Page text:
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Comment: Car automation (Score 4, Insightful) 391

by NetGyver (#41689235) Attached to: Nissan Develops Emergency Auto-Steering System

I wonder how the system would handle animals on the road. I don't know exactly how many animals I've hit since I've been driving, but I'd bet it's been dozens. 3 deer, all on the highway, some raccoon, some squirrels, some opossum. I was in a situation where I literally had to choose between swerving and wrecking in to the cars beside me on the freeway or hitting the deer. Needless to say, if its an animal, it's game. But, OTOH, computers are faster than humans, and sometimes things happen so fast that you don't get time to think.

In the split second between imminent danger and reaction, the speed of your vehicle, it's trajectory, and where your likely to have impact...these are all things a computer can calculate nearly instantly. I am not saying Yay for driver-less cars, i'm merely saying that If your going to crash, and with so many variables associated with crashes, at least if it's computer controlled, your risk is calculated, instead of solely relying on random reactionary impulses.

There is always that scary feeling like you lost control. Humans like to give control up for mundane and repetitive tasks, However, this is literally putting your life in the hands of a machine.

I'm more in favor of safety warnings that get noticed by the computer and escalated to the driver. For example, if your switching lanes and a car is in your blind spot, and you put your signal on, the computer warns you there is a car there in the blind spot. That's awesome. Or if standards were in place cars would talk to each other in such a way that Jimmy's BMW could bug the shit of of him for being a dick and cutting me off and getting too close while doing it...that's awesome too.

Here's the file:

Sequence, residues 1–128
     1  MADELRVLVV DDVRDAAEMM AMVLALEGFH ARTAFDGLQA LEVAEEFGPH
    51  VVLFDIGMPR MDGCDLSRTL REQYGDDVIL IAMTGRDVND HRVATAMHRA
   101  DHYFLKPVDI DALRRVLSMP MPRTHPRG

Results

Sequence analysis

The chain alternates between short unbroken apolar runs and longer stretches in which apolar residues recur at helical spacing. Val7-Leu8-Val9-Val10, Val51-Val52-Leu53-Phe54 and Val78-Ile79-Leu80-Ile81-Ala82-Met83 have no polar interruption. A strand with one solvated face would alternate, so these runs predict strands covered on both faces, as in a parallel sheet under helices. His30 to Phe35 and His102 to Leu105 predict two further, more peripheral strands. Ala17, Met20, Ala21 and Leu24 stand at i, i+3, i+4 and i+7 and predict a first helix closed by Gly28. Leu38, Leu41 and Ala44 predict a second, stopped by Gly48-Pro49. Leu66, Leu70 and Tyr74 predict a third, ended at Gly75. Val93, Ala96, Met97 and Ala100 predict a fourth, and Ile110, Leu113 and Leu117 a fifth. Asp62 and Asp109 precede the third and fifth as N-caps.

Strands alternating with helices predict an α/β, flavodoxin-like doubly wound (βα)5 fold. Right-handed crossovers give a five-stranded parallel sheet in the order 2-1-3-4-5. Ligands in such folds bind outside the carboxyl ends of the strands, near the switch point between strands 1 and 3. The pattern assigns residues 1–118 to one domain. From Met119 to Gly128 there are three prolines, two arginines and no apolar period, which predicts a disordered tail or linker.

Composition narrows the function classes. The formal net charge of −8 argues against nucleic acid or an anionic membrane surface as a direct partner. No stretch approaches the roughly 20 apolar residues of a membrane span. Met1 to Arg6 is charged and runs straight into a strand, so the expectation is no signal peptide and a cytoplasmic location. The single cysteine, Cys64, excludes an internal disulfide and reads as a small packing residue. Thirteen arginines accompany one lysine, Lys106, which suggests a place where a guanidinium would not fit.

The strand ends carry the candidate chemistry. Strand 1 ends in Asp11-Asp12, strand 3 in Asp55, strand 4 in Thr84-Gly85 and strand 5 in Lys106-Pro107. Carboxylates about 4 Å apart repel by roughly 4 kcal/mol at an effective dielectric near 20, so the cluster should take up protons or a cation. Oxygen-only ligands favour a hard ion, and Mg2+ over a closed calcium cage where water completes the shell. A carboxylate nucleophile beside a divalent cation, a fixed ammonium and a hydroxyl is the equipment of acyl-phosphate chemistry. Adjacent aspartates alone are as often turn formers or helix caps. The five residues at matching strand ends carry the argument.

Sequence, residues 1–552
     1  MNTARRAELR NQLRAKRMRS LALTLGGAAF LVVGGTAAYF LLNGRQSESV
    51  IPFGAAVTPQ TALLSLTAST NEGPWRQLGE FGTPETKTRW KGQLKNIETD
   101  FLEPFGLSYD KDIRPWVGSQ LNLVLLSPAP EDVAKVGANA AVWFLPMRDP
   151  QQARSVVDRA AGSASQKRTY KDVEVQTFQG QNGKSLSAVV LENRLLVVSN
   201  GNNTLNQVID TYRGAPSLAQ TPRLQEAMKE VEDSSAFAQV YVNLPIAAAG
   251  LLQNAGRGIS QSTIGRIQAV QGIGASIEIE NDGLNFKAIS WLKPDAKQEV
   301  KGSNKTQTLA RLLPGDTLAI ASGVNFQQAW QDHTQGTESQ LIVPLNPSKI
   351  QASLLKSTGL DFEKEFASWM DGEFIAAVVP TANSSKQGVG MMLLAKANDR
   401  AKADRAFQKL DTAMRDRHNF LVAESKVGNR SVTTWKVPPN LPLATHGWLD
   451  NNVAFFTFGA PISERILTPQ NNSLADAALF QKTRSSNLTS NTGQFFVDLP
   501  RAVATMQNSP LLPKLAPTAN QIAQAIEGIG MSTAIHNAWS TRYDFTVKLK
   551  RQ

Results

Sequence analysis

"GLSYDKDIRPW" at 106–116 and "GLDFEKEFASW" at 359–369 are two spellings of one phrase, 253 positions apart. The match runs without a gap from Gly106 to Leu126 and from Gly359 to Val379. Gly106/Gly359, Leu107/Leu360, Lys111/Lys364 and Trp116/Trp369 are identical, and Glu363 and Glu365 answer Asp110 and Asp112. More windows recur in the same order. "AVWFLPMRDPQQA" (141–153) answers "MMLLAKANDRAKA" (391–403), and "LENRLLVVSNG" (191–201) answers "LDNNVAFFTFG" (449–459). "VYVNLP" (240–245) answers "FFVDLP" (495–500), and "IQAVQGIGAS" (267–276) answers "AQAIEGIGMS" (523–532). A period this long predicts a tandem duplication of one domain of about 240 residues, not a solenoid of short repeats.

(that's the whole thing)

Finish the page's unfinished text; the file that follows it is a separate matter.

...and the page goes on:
Or if i'm getting on the freeway and my Jeep knows that the guy coming down the road is going too fast and chances are high that if I try to merge on, he'll hit me in the rear. Or, (and this one is great) if your trying to get out on a busy road, the system could let you know when it is truly safe to pull out on to the main road, based on the speeds of the oncoming cars.

There are all kinds of things a computer system can do to make us safer drivers, without outright taking full control of the situation.

Comment: Re:This is America (Score 1) 528

by NetGyver (#28476991) Attached to: Middle-School Strip Search Ruled Unconstitutional

As a father of a 9 month old. I'm telling you....I would KILL to keep her safe.

I'd be peppering the names of all faculty involved with this on telephone poles, and windshields, start a protest, and round up PLENTY of like minded parents and call for an emergancy PTA meeting stat. I would make it so damn easy for them to be local celebrities that they will most likely quit their jobs or move to another district out of embaressment and ridicule.

Either way, there are plenty of ways to get rid of people like this. Even if it's not a court ordered punishment.

Power

The Power Grid Can't Handle Wind Farms 681

Posted by samzenpus
from the gone-with-the-wind dept.
DesScorp writes "The Times reports on the problems of adding wind farms to the power grid. Because of the grid's old design, it can't handle the various spikes that wind farms sometimes have, and there's no efficient way to currently move massive amounts of that power from one section of the country to the other. Further complicating things is the fact that under current laws, power grid regulation is a state matter, and the Federal government has comparatively little authority over it right now. Critics are calling for federal authority over the grid, and massive new construction of 'superhighways' to share the wind power wealth nationally. Quoting the article, 'The dirty secret of clean energy is that while generating it is getting easier, moving it to market is not.'"
Desktops (Apple)

Andy Hertzfeld Shares His Thoughts on 25 Years of the Mac 142

Posted by timothy
from the never-forget-your-first-mac dept.
blackbearnh writes "It may make you feel very, very old, but the Macintosh will be turning 25 in January. As we approach this momentous anniversary, O'Reilly News had a talk with Andy Hertzfeld, one of the original Macintosh designers, about the long and storied history of the Mac. Hertzfeld, who tells the story of the Mac in his book A Revolution in the Valley, shares his thoughts about how the Mac has aged over time, how life might have been different if Steve Jobs had stayed on at Apple, and the differences between working for Apple, and for Google (his current employer.)" Read on below for a bit of what Hertzfeld had to say.

A morsel of genuine history is a thing so rare as to be always valuable. -- Thomas Jefferson

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